There are cases of adverse reactions after vaccination with the HPV vaccine. The media and the public call this group of young women with adverse reactions. The joint pain of these female students is so painful that they cannot walk. “The joints are even more accurate than the weather bureau.” Some of them received major injury cards at such a young age because of this.

However, the medical community so far agrees that compared with the health damage caused by cervical cancer, the chance of adverse reactions from vaccination is still low.

Please discuss with your doctor whether to vaccinate against cervical cancer or not

Some researchers believe that the government should not stop HPV vaccine injections before complete scientific verification is available. This will have an impact on public health and will not promote people’s health and well-being. Although the percentage of serious adverse drug events caused by the HPV vaccine is indeed in the minority. The number of people who have side effects of the vaccine cannot be counted. Many people may also No connection between the illness and the vaccine was perceived.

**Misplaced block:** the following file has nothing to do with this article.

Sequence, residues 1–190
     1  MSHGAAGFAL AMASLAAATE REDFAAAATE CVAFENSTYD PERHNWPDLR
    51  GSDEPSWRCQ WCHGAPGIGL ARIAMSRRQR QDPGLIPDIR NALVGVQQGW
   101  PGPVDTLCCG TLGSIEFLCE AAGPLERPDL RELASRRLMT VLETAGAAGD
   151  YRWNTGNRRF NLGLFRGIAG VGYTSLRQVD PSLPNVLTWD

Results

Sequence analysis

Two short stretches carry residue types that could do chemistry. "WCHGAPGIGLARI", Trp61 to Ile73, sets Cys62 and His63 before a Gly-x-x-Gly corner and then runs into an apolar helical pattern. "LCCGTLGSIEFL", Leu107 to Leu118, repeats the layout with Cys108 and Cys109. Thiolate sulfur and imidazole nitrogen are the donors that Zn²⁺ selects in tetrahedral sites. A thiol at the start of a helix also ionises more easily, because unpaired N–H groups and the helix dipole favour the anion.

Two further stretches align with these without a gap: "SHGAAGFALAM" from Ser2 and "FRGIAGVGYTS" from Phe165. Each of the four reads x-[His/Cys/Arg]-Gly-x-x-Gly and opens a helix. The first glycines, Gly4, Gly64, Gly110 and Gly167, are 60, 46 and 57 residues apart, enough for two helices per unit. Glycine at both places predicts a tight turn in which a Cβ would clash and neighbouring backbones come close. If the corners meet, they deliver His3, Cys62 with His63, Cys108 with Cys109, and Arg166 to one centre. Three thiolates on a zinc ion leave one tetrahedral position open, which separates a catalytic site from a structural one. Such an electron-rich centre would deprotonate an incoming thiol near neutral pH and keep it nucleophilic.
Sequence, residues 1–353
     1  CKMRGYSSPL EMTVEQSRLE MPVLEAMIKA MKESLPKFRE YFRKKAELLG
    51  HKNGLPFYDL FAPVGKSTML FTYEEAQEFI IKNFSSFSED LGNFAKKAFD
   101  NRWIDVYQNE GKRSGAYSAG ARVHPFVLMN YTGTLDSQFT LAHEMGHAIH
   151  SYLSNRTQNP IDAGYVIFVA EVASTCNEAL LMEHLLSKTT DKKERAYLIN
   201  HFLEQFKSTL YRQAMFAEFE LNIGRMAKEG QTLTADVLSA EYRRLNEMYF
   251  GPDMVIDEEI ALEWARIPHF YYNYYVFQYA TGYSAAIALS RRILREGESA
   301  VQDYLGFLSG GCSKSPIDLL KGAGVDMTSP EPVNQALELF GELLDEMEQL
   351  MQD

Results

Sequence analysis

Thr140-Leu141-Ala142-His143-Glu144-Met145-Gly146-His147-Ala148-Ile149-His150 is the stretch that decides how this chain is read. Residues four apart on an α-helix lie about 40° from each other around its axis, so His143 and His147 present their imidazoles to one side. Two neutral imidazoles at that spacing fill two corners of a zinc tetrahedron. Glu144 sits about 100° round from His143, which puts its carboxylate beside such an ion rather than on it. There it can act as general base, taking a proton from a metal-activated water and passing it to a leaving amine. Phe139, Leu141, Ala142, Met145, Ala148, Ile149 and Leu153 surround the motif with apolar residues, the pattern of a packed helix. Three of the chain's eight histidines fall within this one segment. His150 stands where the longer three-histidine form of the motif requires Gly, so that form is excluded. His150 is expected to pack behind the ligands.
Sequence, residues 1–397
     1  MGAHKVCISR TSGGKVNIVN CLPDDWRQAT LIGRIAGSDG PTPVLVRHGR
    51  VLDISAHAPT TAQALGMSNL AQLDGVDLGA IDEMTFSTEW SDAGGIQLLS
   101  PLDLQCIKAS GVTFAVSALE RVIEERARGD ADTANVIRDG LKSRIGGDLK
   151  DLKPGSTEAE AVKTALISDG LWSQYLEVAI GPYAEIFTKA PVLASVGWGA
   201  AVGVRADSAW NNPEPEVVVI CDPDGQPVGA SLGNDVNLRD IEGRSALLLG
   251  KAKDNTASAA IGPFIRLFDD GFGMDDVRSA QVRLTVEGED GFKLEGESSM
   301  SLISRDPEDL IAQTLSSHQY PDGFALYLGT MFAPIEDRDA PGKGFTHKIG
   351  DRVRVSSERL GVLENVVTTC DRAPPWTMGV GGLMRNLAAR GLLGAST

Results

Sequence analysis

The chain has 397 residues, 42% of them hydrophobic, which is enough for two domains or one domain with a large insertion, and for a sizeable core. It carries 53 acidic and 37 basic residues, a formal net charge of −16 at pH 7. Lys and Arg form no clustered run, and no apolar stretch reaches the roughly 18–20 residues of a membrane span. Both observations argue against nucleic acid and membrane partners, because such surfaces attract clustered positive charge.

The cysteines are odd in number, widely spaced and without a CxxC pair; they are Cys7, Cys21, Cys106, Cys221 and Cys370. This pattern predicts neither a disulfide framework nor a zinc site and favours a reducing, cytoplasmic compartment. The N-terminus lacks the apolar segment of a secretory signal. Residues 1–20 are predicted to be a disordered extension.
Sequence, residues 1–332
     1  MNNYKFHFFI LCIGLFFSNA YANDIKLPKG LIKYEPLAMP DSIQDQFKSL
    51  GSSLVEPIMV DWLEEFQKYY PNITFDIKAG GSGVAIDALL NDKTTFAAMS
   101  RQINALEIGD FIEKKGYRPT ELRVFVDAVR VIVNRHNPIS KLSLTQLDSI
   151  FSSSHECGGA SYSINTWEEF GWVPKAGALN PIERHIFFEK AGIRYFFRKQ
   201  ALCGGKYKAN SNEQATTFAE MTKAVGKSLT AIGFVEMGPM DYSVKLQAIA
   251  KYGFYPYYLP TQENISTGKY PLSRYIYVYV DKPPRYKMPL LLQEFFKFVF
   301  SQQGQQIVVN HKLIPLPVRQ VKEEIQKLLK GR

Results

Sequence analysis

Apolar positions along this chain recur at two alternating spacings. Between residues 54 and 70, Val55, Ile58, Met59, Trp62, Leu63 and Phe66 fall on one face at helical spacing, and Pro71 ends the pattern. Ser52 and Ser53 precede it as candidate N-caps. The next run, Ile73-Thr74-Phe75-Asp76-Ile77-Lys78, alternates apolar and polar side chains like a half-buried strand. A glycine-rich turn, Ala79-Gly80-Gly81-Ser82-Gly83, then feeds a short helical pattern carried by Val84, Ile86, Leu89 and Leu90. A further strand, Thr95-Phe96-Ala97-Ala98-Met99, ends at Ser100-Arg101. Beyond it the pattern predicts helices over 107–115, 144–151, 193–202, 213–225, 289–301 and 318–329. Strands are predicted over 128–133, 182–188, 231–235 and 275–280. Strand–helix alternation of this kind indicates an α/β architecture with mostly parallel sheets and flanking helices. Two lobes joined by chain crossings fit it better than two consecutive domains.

Although the HPV vaccine can reduce the risk of cervical cancer in the future, no one can say what the reaction will be after the vaccine is administered. It is recommended that regardless of whether you have a family history, it is best to discuss it with a professional doctor before making a decision.

According to NHS, The side effects of the HPV vaccination are usually quite mild. Soreness, redness or swelling in the arm where the injection was given is common, but this should wear off in a couple of days. Some people may feel sick or have a headache, fever, tiredness or aching muscles.

Leave a Reply

Your email address will not be published. Required fields are marked *